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Vol.26 No.4


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Volume 25, No.1

Financial Math in q

3: The annuity

by Jan Karman (

The annuity differs from the other applications in that it doesn’t need external files. It is simply (and simple) mathematics. The program produces a survey of the amortisation of an annuity loan, with the necessary controls. For convenience we shall define some auxiliary functions so that the development of the annuity function will be very easy, almost trivial. So, the purpose is just to show what is possible with a few lines of K. The annuity loan is in wide use for mortgages and a large scale of many other types of private loans.


In actuarial practice every value is being brought back to the point of time 0 – that’s where we are – usually called “the present value”. The present value of an annuity, a financial form in which a unit of capital is being paid at the end of every consecutive year, is denoted by an. If an individual wants to settle for a loan and repaying it by way of a yearly level amount t, then should be 1, according to the equivalence principle as the axiom of all financial theory, and t = 1/an. If i is the interest rate and v denotes the present value of the unit 1 at the end of the year v = 1/1 + i.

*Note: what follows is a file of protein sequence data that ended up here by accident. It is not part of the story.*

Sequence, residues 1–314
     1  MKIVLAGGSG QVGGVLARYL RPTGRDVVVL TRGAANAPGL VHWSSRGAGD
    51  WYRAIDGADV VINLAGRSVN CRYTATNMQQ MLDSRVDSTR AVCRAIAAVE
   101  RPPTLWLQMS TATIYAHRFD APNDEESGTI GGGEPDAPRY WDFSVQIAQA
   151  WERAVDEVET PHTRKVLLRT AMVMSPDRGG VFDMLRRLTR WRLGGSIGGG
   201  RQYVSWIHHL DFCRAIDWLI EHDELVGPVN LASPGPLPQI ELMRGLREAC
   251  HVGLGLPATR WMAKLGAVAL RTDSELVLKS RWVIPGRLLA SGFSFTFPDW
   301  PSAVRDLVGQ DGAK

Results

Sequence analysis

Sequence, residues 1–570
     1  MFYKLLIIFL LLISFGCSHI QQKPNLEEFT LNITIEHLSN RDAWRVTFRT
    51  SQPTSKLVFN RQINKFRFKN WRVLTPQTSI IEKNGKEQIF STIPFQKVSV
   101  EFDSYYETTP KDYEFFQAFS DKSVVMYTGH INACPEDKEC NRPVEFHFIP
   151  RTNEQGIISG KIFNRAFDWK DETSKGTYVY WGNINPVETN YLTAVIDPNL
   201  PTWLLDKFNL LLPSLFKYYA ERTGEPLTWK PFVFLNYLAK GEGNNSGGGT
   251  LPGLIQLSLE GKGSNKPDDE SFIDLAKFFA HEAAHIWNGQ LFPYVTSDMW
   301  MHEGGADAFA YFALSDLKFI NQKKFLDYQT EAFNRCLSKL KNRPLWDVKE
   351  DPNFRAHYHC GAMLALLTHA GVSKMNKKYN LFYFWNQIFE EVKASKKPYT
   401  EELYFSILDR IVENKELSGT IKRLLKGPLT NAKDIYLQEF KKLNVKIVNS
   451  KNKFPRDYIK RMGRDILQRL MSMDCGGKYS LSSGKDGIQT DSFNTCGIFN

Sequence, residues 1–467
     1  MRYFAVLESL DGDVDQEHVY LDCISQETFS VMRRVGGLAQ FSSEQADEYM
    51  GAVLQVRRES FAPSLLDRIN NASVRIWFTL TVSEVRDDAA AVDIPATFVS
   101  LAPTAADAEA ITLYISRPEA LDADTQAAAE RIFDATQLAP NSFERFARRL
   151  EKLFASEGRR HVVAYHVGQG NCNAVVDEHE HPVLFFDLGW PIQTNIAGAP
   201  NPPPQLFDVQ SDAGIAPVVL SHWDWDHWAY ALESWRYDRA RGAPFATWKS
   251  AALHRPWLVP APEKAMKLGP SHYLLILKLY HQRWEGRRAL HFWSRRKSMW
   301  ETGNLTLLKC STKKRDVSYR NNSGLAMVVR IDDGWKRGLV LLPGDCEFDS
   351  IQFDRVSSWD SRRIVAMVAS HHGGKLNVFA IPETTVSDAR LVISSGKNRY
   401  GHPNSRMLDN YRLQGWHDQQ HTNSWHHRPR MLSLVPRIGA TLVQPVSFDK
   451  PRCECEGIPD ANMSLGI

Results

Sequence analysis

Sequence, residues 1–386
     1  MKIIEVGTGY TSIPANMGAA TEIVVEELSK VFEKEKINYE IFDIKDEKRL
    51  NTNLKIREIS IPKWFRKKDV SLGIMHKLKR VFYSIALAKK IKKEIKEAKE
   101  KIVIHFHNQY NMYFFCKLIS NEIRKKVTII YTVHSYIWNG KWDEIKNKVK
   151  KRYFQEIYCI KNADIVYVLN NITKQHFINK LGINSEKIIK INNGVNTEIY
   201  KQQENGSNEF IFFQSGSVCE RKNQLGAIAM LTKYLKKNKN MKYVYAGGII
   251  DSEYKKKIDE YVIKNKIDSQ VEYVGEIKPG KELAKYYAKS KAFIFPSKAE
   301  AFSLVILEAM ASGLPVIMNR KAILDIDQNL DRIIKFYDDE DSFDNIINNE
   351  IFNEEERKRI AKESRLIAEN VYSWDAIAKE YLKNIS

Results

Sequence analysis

The present value of each payment in the annuity can be written as

v1, v2 … v(n-1), vn

and the total value of the annuity

an = v1 + v2 + … + v(n-1) + vn     (1)

Multiplied by the ratio (1+i) we get

(1+i).an = v0 + v1 + … + v(n-2) + v(n-1)      (2)

and like an ordinary geometric series we subtract (1) from (2) = 1 – vn


an = (1-vn)/i

The level annual payment of t contains two components: an interest component and a redemption component. Two successive outstanding balances amount to and and therefore the debt appears to be decreased with immediately after the mthpayment.

A little detour